Physiological Causes of Depression – Surgeon’s General Report
I like to think I know almost all there is to know about mood disorders, but I was pretty shocked when I read this:
The Surgeon’s General Report
Mood disorders are sometimes caused by general medical conditions or medications. Classic examples include the depressive syndromes associated with dominant hemispheric strokes, hypothyroidism, Cushing’s disease, and pancreatic cancer (DSM-IV). Among medications associated with depression, antihypertensives and oral contraceptives are the most frequent examples. Transient depressive syndromes are also common during withdrawal from alcohol and various other drugs of abuse. Mania is not uncommon during high-dose systemic therapy with glucocorticoids and has been associated with intoxication by stimulant and sympathomimetic drugs and with central nervous system (CNS) lupus, CNS human immunodeficiency viral (HIV) infections, and nondominant hemispheric strokes or tumors. Together, mood disorders due to known physiological or medical causes may account for as many as 5 to 15 percent of all treated cases (Quitkin et al., 1993b). They often go unrecognized until after standard therapies have failed.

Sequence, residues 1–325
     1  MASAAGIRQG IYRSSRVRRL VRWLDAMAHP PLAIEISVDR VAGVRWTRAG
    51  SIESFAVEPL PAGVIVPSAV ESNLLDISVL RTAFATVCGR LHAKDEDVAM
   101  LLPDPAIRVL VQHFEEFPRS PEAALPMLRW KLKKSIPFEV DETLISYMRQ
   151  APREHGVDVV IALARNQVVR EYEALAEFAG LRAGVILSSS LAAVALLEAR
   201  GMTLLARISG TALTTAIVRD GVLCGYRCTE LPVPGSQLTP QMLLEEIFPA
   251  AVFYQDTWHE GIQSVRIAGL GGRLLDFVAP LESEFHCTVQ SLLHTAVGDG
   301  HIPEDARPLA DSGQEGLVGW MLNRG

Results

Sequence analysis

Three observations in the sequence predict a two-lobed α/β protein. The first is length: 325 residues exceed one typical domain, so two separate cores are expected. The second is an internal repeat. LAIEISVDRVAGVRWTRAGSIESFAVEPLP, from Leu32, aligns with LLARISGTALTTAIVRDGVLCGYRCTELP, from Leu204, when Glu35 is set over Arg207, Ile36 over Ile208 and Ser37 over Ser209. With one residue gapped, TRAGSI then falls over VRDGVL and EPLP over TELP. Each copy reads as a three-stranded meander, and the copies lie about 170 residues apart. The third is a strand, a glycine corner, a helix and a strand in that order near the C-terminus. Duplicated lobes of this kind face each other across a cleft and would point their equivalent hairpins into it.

I’m shocked. No one ever mentioned anything about birth control pills to me and I’ve been on them for years. YEARS. This is yet another reason why doctors so often get on my bad side.
This quote was taken from the Mental Health: A Report of the Surgeon General. The whole report is a good read, but very long. It’s everything you wanted to know but didn’t know you needed to ask.